State v. Smith

Annotate this Case

332 So. 2d 773 (1976)

STATE of Louisiana, Respondent, v. Casey A. SMITH, Relator.

No. 57239.

Supreme Court of Louisiana.

May 17, 1976.

Rehearing Denied June 18, 1976.

*774 Bruce G. Reed, Trial Atty., Reed, Reed & D'Antonio, Metairie, for relator.

William J. Guste, Jr., Atty. Gen., Barbara Rutledge, Asst. Atty. Gen., John M. Mamoulides, Dist. Atty., Abbott J. Reeves, Director, Research and Appeals Div., Richard J. Bontall, Research Atty., Metairie, for respondent.

TATE, Justice.

The defendant was convicted of receiving a stolen car of a value of less than $100.00, La.R.S. 14:69 (1972), and sentenced to thirty days, suspended, in the parish prison and a fine of $250.00. We granted certiorari, 325 So. 2d 269 (1976), because we felt the trial court may have erred in denying the defendant's motion for a directed verdict of acquittal, La.C.Cr.P. art. 778, at the close of the state's case.

Directed Verdict (Assignment of Error nos. 1 and 2)

The state's case consisted of two witnesses:

A managerial employee of Hertz testified that a specified Ford rental automobile of the firm had been missing since January 19, 1973; it had been reported by the firm as stolen on April 27, but was recovered from the local police department July 10. A local detective from that department testified that, by license check of the parked automobile, he discovered the reportedly-stolen Ford in front of the defendant Smith's residence during the early hours of July 9, that he waited until Smith came out from his residence and drove off in the vehicle, and that he stopped Smith about a mile later and (after re-checking the license number) arrested the defendant.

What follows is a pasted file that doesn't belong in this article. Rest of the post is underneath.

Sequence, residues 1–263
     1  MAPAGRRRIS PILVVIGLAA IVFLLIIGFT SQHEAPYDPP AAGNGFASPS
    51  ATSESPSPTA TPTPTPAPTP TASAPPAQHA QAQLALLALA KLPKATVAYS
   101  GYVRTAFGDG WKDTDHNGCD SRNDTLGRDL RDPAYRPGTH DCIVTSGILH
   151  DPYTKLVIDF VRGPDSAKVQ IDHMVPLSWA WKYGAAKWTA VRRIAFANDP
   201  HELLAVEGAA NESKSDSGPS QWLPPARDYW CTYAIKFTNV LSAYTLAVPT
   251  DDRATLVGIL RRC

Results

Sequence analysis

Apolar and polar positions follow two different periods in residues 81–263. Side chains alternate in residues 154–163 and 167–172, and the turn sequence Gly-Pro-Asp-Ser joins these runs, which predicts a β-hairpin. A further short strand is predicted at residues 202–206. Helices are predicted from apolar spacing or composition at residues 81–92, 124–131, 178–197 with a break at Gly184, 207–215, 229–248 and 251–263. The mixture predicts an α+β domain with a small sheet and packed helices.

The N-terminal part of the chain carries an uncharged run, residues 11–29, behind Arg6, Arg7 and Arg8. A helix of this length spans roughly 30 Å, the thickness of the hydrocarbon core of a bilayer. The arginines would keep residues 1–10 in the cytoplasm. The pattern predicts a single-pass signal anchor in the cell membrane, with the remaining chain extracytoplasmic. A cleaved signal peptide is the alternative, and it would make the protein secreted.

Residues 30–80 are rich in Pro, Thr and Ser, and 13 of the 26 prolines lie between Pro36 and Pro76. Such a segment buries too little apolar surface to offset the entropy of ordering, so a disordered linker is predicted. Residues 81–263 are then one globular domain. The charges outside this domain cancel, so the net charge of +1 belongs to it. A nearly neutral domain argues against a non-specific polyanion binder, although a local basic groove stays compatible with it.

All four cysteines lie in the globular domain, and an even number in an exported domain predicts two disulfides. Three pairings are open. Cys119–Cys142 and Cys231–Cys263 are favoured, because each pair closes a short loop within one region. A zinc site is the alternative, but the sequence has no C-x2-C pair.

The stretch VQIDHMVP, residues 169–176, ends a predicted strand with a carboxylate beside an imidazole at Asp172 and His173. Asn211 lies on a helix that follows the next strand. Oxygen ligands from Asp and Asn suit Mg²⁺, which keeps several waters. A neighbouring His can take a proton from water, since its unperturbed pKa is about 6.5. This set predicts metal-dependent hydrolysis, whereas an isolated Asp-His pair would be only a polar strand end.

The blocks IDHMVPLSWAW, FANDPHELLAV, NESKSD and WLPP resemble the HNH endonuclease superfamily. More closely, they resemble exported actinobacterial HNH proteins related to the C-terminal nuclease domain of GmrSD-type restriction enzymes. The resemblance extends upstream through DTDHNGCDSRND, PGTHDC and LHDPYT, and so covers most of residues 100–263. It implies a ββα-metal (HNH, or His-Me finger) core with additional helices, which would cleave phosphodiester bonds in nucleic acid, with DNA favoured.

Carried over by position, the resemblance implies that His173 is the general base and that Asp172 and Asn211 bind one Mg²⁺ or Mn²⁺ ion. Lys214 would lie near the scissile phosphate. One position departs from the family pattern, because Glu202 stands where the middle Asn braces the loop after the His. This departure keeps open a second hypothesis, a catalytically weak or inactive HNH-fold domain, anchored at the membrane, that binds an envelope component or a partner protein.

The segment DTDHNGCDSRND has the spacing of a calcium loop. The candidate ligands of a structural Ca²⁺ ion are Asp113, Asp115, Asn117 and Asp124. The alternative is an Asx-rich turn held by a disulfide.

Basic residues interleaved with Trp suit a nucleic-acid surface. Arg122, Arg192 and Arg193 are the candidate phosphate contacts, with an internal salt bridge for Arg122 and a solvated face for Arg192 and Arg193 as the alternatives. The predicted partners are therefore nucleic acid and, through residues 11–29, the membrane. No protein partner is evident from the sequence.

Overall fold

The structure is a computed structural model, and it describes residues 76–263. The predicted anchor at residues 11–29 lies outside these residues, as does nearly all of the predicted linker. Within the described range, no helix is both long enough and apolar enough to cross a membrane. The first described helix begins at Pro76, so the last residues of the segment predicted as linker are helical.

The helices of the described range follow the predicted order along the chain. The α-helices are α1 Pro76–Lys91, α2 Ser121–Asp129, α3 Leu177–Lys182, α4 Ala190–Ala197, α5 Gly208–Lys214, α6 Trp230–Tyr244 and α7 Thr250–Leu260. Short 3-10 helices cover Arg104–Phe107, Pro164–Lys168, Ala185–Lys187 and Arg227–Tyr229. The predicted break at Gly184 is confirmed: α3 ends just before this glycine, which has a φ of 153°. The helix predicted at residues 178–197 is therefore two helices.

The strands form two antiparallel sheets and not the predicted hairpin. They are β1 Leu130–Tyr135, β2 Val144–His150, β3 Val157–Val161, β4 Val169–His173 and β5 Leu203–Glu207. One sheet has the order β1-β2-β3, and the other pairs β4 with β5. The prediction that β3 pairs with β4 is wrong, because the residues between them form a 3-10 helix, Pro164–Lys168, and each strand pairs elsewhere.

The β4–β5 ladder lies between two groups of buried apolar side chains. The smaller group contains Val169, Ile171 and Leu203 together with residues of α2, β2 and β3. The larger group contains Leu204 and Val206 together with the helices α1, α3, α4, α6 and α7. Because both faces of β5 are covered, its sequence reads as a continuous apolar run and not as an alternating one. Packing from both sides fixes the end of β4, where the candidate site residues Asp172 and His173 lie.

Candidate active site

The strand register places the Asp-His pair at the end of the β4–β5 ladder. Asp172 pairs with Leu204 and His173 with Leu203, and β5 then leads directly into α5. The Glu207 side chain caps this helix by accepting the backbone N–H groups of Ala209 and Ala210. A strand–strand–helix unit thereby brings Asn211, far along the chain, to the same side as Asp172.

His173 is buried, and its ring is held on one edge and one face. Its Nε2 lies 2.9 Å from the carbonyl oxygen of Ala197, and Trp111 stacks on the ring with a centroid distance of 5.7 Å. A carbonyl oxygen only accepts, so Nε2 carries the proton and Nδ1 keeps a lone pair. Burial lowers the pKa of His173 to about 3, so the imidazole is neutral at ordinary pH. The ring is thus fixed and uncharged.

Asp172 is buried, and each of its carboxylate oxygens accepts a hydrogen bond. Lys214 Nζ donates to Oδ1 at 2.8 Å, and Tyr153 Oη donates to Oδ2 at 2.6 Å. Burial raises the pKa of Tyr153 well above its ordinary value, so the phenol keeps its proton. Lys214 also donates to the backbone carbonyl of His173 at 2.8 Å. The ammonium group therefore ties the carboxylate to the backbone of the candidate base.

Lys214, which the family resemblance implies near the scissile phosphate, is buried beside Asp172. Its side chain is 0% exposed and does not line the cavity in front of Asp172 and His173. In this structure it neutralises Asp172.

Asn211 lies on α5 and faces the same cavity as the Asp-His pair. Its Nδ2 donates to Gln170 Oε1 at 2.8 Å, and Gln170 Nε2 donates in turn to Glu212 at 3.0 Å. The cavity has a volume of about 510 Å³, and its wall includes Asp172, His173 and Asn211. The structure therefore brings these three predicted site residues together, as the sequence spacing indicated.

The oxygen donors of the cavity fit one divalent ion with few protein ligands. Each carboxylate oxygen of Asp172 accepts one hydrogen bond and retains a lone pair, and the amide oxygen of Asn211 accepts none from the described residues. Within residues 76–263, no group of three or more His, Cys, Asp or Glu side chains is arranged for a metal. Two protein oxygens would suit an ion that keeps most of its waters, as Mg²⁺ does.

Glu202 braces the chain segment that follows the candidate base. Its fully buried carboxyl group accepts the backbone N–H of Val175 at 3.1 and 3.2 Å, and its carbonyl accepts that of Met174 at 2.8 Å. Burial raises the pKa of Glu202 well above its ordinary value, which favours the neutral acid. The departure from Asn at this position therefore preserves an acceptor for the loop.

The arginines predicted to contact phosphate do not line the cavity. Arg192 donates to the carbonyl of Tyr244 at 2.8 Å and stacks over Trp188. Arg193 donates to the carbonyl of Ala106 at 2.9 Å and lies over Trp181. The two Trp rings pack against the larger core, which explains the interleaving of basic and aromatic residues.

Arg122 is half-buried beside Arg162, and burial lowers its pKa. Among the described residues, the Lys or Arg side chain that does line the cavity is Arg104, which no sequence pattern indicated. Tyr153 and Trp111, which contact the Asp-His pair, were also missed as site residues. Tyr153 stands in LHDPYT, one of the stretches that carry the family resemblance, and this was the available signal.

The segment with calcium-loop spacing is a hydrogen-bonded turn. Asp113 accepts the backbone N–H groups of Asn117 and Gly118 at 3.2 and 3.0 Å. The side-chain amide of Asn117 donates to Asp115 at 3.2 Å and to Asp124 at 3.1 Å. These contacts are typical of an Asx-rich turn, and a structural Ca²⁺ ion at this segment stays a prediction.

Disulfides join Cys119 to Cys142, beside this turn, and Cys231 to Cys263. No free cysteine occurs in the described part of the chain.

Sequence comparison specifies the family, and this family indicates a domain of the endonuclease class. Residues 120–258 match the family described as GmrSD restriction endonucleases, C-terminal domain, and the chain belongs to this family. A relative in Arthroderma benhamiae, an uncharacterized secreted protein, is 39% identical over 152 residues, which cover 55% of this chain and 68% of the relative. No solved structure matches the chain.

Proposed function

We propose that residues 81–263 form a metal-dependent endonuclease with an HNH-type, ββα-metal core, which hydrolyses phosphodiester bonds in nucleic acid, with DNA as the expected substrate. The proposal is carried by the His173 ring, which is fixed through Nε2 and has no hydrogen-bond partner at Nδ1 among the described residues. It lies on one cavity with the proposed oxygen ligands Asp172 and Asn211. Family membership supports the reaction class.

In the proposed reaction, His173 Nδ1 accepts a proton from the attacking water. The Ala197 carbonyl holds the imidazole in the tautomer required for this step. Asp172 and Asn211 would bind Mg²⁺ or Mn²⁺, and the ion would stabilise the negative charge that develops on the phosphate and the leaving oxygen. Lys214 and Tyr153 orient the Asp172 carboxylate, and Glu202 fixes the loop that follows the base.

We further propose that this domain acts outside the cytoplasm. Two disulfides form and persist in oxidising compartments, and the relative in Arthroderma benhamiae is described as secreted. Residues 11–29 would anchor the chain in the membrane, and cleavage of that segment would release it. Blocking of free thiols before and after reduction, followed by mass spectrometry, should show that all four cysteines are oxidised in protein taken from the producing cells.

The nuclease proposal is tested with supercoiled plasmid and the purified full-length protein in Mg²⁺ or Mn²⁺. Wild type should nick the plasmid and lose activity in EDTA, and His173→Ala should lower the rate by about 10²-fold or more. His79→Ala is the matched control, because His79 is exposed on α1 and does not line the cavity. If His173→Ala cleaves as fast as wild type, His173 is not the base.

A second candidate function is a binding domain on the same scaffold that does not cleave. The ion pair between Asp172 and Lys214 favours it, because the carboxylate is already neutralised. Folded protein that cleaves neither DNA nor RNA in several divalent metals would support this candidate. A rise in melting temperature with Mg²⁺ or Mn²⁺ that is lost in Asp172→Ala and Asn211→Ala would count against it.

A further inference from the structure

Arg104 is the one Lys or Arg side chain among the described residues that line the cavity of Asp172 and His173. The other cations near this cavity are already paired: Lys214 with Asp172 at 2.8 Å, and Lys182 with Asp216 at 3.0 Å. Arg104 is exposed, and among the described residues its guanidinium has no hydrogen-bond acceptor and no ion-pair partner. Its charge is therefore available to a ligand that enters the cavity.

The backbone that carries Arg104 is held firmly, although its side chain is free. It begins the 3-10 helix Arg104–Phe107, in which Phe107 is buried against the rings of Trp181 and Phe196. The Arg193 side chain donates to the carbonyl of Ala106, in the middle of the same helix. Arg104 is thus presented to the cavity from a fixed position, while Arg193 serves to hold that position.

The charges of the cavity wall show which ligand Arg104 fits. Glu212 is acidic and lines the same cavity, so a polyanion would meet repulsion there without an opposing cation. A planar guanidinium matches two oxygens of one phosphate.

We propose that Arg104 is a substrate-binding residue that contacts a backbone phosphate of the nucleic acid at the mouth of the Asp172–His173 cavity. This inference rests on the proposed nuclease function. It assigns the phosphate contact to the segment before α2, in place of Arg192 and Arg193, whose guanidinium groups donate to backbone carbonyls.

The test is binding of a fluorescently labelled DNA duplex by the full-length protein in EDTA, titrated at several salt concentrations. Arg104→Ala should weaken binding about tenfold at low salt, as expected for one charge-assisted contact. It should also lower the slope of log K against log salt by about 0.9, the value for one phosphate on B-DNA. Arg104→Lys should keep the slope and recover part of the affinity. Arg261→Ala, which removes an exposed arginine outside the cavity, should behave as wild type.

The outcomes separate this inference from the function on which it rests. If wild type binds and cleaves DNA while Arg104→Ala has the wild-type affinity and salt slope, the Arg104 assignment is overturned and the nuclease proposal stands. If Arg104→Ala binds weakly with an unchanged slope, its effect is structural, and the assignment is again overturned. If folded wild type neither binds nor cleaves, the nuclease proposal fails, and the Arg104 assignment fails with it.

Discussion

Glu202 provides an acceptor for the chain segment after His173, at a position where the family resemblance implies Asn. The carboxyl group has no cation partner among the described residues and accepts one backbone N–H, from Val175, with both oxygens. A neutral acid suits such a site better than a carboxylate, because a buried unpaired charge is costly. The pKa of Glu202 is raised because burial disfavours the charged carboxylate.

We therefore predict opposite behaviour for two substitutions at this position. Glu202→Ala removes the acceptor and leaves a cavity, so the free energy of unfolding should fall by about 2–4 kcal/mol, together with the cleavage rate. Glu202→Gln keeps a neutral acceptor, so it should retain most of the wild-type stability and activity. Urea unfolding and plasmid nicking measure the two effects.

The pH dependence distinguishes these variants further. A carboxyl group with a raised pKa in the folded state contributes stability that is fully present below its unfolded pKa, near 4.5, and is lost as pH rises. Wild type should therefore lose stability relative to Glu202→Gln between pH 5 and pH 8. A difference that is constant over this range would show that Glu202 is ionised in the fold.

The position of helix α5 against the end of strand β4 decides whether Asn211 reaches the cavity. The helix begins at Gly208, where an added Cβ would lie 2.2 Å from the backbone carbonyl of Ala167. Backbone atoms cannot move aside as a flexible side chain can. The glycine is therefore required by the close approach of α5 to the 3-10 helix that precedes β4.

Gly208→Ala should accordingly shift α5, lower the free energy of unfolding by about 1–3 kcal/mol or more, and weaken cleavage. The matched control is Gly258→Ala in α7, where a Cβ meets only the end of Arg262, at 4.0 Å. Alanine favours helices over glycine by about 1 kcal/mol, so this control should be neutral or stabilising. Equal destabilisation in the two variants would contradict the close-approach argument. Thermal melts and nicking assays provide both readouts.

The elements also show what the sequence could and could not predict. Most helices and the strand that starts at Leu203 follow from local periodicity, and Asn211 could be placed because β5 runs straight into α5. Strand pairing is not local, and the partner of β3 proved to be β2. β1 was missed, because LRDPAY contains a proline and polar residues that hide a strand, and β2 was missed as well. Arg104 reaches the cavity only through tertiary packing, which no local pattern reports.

At the close of the state's case (the testimony of these two witnesses), the defendant filed a motion for directed verdict of acquittal in this non-jury trial. La.C.Cr.P. art. 778. Since at that point there was no evidence of an essential element of the crime, i.e., that the defendant knew or had reason to believe that the vehicle was stolen,[1] we granted certiorari to review the conviction.

The issue before us, as a reviewing court, is whether the defendant, by subsequently presenting his own evidence, waived his right to have the denial of his motion reviewed solely upon the basis of the state's case rather than of the evidence as a whole (including that produced by him on his defense). This issue has never been directly addressed by this court, the motion for a directed verdict being a relatively recent addition to our criminal procedure.[2]

*775 As amended in 1975 (see footnote 2), La. C.Cr.P. art. 778 provides: "In a trial by the judge alone the court shall enter a judgment of acquittal on one or more of the offenses charged, on its own motion or on that of defendant, after the close of the state's evidence or of all of the evidence, if the evidence is insufficient to sustain a conviction. If the court denies a defendant's motion for a judgment of acquittal at the close of the state's case, the defendant may offer its evidence in defense."

As enacted, the statute permits review of the denial of the defendant's motion for a directed verdict of acquittal, whether or not the defendant subsequently offers evidence in defense. It does not necessarily provide that, nevertheless, the reviewing court may not consider, in ruling upon whether acquittal should be ordered as a matter of law, evidence in the defendant's case which cures the omission in the state's evidence and which thus supports a verdict of guilty. That is, the reviewing court is not necessarily obliged by the article to reverse a conviction because of an erroneous denial of the motion at the time, where the conviction is otherwise supported by the evidence and affirmable on the evidence as a whole.

In the great majority of American jurisdictions (almost all of which allow the directed verdict), if the court overrules the defendant's motion for a directed verdict of acquittal filed at the close of the state's case, the defendant is deemed to waive his right to complain on review of an erroneous denial, at least where his own evidence fills in the gaps of the state case. 3 Wharton's Criminal Procedure, Section 520 (12th ed., Torcia; 1975); American Bar Association Standards Relating to Trial by Jury, Standard 4.5(a), Commentary (1968); Comment, The Motion for Acquittal, 70 Yale L.J. 1151 (1961).